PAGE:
Fish said the protective vests were eventually paid for by the town after state law changed and the video cameras were purchased at a much lower price than was indicated in the request that Conaway had made to the Andrew Foundation.
Two Sony camcorders were purchased July 22, 2008 from the Linton Super Walmart Center at a cost of $1,151.77.
Fish said the audit was conducted at the recommendation of Holtsclaw.
"It showed there wasn't any money missing, it just didn't go where we believe it should have gone per what was requested. The money was requested to buy vests (for officers) and in-car cameras. It really didn't go for that and that was our concern," Fish told the Greene County Daily World. "It (the fund) was set up basically for the community and the good of the community to help underprivileged people or to help school kids or to help charities. That's what the money was set up for, coat drives and things like that. What our concern was, funds were requested for those vests and the cameras and they were never spent."
The town attorney said there is no evidence at all that Conaway used any of the donated funds for his own personal use.
Instead, Conaway used the money to help with a school drug awareness program, supplies for school children and he helped needy families in the town with utility bills and the purchase of food and other items that were requested, according to Fish.
The town attorney said the special prosecutor's report is good news for the community and for Conaway, who is well known around the town for helping to raise money for many charitable causes.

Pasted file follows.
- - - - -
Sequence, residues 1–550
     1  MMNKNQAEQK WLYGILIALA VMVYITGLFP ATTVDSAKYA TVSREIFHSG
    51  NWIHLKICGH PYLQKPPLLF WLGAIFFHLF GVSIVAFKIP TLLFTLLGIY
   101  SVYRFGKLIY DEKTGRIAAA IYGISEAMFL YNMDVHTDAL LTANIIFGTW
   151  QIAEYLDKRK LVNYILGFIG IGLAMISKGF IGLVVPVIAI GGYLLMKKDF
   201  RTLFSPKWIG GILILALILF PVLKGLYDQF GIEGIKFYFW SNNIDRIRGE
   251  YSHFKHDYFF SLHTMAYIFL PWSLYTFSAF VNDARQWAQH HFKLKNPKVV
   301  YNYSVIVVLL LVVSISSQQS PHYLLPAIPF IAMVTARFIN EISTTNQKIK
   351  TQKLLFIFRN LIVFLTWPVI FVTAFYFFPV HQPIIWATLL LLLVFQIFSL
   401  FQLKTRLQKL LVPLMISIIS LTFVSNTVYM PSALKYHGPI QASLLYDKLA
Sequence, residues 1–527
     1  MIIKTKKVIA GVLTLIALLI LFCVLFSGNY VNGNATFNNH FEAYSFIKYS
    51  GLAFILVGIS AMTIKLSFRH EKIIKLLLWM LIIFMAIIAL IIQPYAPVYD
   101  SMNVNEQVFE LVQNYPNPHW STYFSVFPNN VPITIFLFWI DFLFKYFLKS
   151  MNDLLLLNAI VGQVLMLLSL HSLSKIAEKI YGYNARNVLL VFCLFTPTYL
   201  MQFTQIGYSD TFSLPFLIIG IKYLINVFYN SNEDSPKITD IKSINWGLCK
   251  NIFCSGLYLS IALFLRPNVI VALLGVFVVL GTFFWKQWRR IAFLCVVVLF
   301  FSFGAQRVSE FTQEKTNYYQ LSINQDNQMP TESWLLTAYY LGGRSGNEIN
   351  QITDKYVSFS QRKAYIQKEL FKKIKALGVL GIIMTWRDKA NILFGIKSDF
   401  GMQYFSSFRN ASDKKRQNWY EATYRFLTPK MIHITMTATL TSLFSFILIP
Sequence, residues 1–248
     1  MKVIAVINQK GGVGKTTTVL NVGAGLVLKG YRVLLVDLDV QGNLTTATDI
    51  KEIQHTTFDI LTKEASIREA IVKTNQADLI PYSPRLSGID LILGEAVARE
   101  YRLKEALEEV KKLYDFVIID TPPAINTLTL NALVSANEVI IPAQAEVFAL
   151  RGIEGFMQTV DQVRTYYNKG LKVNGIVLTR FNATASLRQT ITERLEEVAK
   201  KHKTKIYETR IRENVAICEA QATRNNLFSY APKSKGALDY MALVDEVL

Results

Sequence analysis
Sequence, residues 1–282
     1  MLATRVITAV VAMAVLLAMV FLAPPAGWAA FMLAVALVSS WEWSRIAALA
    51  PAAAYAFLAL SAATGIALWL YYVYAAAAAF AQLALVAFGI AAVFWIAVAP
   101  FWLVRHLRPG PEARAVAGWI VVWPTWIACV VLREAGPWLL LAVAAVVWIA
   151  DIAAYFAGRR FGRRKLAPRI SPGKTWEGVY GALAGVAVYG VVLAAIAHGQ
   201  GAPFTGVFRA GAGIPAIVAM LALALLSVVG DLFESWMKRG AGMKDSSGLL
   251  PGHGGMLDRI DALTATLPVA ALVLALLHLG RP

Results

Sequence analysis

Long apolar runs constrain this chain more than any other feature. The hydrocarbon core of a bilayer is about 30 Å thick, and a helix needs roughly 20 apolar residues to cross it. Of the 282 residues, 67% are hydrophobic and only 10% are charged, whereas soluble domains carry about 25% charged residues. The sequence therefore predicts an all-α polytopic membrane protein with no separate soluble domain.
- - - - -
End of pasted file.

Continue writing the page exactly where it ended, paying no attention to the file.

"It clears him (Conaway) and he is happy with that," Fish said. "It has been difficult. Dennis has been understanding through all of this.
"What were we supposed to do? I don't think we had a choice but to do it like we did it. I'm happy to get this behind us. ... We didn't think Dennis ever pocketed any of the money. We just couldn't show where the money went. The issue is clear and over with. It should be put to bed now."
The special prosecutor also acknowledged Conaway's benevolent use of the donated monies in his report.
Brown conducted a conference with Det. Carter on March 8 and examined the documents and heard an oral summary of the investigation and concluded, "there was no apparent violation of Indiana law including the offense of official misconduct."
"The special prosecutor has concluded that there exists no evidence that would implicate Dennis Conaway in any criminal behavior, and, indeed there appears to be contrary evidence that Mr. Conaway contributed to the betterment and improvement of the community and possessed an altruistic motive in dispersing funds under his control and in his capacity as town marshal," Brown wrote in the conclusion of his report to the town and the court.
When asked if he was pleased with the resolution, Roudebush replied, "Absolutely ... it was a Catch 22 for us (the council). That (the investigation) was the last thing I wanted to go on.
"We (the council) were not out to just knife somebody."
When contacted for comment, Conaway said he had been advised "not to comment," but said he will have a prepared statement to be released at Tuesday night's town council meeting.